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4/18/2017 2:47 PM
 

Hill Country: Wildflower Diversity of Color


County RD in SW San Saba County - 4/17/2017

Trip Date: 4/17/2017

Routes: FM-2005, FM-501, Texas 71, CR-409, Texas 16, other unnamed county roads

Counties: Hamilton, Mills, San Saba, McCulloch, Mason, Llano. Gillespie

Short Story: Overall green is the dominate color, but red and yellow is breaking through the green to paint the roadsides and some fields.  I did not see evidence that many fields will turn red with firewheels, but some roadsides already are.  Several fields are partially to solidly covered with yellow probably from brown bitterweed.  There are still some bluebonnets out there, but the ones along paved roads are beyond peak. 

Full Story: I took the backway home from Dallas to check on how the wildflowers were doing in the Hill Country. I also wanted to see if perhaps some areas north of the Hill Country might have fared better this year.  Overall, the same general theme is what I saw – green, greenly greenery! There are so many really lovely sceneries with lush shade of green flowing over hills and down through valleys. Even the trees look so green and healthy.  You know that typical pastoral scene with the cows grazing in the green grass pastures lined with tree covered hills? I saw that scene repeated with variations all along the route I took.  It really is quite beautifully green out there. 

The route I took did have some wildflowers here and there with a few really nice colorful displays.  There is a diversity of wildflower color sprinkled throughout the Hill Country with a few large areas covered with red or yellow.  Firewheels (Gaillardia pulchella) have replaced most of the bluebonnets along the roadsides and brown bitterweed (Helenium amarum var. badium) is attempting to cover fields in the San Saba and Llano Counties. 

I also found some bluebonnets still in bloom along some roads, especially the back-county roads.  I did not find any field covered with bluebonnets, but I did come across several fields with stretches of bluebonnets. The bluebonnets still looked good in the fields and along the county roads. Those bluebonnets along any of the paved roads are past peak with many more seedpods than blooms. 

Along two different county roads I came across areas covered with rainbow of wildflower colors. I love to find these locations especially along quiet lonely county roads. You can park the car and walk up and down the road and get tight shots and close-up shots with ease.  Monday the sky was overcast to partly cloudy and the wind was calm to a light breeze. It was a paradise of conditions for the camera and the soul. 

The other thing I notice is how close we came to having a truly once-in-a-lifetime bluebonnet season in several locations that have not had one in years.  I saw roadside bluebonnets north of San Saba along Texas 16 and fields in McCulloch County that would have been beyond awesome, if only…  I guess that is the other theme that was running through my mind -  this was the season that almost was, but fell short.  Yet with just a little effort, there are enough really nice wildflower scenes to keep a wildflower enthusiast busy for hours.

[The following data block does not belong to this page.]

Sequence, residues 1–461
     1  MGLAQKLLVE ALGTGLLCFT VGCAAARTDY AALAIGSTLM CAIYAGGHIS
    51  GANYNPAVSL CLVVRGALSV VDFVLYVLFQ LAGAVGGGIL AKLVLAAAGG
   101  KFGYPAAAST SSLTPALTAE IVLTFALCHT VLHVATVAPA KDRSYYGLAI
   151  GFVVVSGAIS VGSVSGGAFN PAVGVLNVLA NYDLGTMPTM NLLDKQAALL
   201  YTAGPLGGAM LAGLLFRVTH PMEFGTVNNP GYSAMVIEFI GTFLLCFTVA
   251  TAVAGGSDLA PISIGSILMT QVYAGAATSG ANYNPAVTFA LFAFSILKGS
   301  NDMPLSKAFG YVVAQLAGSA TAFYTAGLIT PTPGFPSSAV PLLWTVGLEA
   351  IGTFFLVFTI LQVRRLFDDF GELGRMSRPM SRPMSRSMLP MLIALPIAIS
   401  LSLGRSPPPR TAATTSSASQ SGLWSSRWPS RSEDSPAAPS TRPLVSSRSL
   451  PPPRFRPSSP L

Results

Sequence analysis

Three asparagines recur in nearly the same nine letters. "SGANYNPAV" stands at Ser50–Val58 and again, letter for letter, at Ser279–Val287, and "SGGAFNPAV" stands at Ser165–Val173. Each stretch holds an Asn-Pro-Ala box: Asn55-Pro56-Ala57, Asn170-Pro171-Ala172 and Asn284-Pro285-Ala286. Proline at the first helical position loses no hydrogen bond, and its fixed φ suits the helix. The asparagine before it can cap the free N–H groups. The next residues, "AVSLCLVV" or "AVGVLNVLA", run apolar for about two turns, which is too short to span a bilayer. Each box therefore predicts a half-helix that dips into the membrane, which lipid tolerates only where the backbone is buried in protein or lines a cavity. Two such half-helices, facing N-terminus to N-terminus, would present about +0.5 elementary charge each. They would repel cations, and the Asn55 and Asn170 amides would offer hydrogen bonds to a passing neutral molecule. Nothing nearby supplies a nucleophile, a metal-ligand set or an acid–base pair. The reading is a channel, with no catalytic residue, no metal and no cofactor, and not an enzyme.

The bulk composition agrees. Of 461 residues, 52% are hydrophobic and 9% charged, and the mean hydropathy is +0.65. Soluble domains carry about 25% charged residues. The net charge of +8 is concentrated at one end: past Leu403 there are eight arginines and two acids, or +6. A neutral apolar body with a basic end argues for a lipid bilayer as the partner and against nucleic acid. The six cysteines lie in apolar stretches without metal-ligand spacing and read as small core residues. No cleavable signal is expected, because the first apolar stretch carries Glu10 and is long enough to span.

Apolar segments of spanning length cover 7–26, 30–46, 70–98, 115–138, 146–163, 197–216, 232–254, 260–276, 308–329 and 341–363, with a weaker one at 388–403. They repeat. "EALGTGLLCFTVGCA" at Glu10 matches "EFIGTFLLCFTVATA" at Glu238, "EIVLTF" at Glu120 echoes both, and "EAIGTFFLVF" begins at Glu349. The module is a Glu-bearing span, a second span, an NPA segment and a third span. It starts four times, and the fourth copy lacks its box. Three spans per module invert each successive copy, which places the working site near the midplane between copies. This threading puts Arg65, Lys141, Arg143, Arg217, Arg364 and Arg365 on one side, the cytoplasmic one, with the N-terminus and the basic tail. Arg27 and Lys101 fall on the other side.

Starred Routes

Texas 71 and Texas 16: It is easy to find long solid stretches of firewheels along both of these popular wildflower routes.  The best I saw was Texas 71 from Fredonia to just beyond Valley Springs. I did not travel 16 from Cherokee to Llano, but this usually have some nice scenes.

RR-501: Some spots with a few bluebonnets fading fast, firewheels, and prairie paintbrush.  The huge fields of bluebonnets north of Pontotoc have faded with only a hint of blue now.

Texas 71 at Voca: There is roadside park just north of Voca on Texas 71. The entire park is covered with firewheels and some bluebonnets.  Side rant: This is how all roadside parks, rest areas and picnic areas in Texas should be.  Too often what I find is nothing but golf-course green manicured grass. Every public rest type area along any road in Texas needs to highlight our native plants including wildflowers, grasses and trees. We should not be using our tax dollars to plant and maintain any non-native plants and grasses on public grounds.  Every roadside rest area of any type should have plants for monarch migration.  Master Naturalist and Texas Native Plant Societies could be given grants to help sponsor rest areas within their jurisdictions. I know some already do this.


Roadside Park along Texas 71 north of Voca - 4/17/2017

CR-409: There is a huge field of yellow from brown bitterweed right at the corner of CR-409 and 71 at Valley Spring. This is also one of the locations with a diversity of color.  (Note: I am listing this one county road, because this section does not go through a working ranch.)


Firewheels and Greenthread along CR-409 at Valley Spring

FM-2005 from Hamilton to Goldthwaite: Several spots along this route with a variety of wildflowers. There are likely other Farm-to-Market and Ranch Roads with similar coverage. 

Old San Antonio RD from US 290: Only reason I am listing this is because I found some nice spots with mealy blue sage and this road is very scenic.  The Old San Antonio RD (also known as Old #9) goes by an old 1800s restored farm, and Old Tunnel State Park. At Old Tunnel State Park, there is an awesome view of the valley below. 


Mealy Blue Sage along Old San Antonio RD - 4/17/2017

 

 
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